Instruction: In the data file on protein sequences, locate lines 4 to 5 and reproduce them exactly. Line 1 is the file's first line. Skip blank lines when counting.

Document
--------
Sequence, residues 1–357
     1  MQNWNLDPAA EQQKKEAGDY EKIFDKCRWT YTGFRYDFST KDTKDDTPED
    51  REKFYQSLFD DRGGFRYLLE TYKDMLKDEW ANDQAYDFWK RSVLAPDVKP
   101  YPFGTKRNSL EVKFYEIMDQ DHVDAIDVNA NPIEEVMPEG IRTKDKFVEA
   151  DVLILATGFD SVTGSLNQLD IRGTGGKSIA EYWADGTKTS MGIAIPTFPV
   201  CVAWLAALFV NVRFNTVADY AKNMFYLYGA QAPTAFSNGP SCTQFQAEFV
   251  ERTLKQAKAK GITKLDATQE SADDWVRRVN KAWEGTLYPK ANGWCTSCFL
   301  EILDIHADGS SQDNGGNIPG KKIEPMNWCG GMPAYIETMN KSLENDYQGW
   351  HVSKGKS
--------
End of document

   101  YPFGTKRNSL EVKFYEIMDQ DHVDAIDVNA NPIEEVMPEG IRTKDKFVEA
   151  DVLILATGFD SVTGSLNQLD IRGTGGKSIA EYWADGTKTS MGIAIPTFPV